It may not look like much on the outside, but Amman is treasure trove of history and hospitality. Also, beer. After nearly three months in Muslim-majority countries we were pretty psyched to find free flowing beer.
This was home to the Ammonites of Biblical fame, who fell to King David. It was later rebuilt by the Ptolemaic ruler Philadelphus. The city was renamed Philadelphia in honor of the new ruler, making it the original City of Brotherly Love. We can assure you that it still lives up to its old motto. Jordanians on the whole are the most welcoming, nicest people we’ve met on our journey so far.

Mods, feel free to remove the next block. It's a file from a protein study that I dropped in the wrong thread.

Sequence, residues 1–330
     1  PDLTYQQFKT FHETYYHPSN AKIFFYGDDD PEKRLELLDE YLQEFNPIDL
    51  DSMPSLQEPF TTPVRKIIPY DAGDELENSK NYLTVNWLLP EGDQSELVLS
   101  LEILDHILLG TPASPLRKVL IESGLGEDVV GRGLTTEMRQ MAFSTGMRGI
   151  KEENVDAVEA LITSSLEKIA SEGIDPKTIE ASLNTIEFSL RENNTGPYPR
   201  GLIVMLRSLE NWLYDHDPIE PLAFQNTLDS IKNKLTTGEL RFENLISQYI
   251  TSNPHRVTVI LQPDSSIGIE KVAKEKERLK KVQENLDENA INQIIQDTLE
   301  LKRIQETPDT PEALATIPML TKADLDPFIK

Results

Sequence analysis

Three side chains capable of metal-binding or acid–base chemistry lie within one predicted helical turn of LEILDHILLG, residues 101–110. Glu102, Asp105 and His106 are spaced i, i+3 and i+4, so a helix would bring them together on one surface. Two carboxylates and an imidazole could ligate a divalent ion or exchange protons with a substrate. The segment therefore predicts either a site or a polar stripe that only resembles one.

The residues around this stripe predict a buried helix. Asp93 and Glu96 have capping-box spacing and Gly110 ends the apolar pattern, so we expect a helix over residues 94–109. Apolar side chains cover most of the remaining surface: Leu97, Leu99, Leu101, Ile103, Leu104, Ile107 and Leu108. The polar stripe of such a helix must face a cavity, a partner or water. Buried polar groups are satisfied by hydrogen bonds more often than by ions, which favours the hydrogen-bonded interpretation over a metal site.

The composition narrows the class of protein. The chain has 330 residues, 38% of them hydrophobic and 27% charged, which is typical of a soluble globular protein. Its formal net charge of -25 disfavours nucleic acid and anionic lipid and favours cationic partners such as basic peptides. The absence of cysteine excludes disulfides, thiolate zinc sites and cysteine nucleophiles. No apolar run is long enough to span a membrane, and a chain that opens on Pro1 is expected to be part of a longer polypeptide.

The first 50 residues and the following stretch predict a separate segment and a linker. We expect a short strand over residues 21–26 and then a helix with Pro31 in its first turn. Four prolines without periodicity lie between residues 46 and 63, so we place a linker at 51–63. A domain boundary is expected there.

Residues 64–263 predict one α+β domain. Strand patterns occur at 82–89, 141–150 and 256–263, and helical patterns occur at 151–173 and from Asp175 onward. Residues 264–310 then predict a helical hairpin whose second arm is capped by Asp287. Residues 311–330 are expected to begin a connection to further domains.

Our first few days in Jordan were spent here in Amman in order to get our bearings and learn a little of the history of the country. The Jordan Museum was a wonderful start, with artifacts dating back to 15,000 BC to the very first known carvings of human statues.
There was a wonderful temporary exhibition dedicated to Ibn Al-Haythim, the “man who discovered how we see.” It’s a beautiful exhibit about light, optics, and vision. He’s also credited with saying what is now one of my most favorite quotes: “The duty of the man who investigates the writings of scientists, if learning the truth is his goal, is to make himself an enemy of all that he reads.” This is good advice, especially with all the fake news running around these days.
If you’re headed to Jordan, don’t miss spending a day or two in Amman. The museums and old ruins are worth the time. And make sure you stop into Hashem Restaurant for some of the very best falafel and hummus you’ll ever have.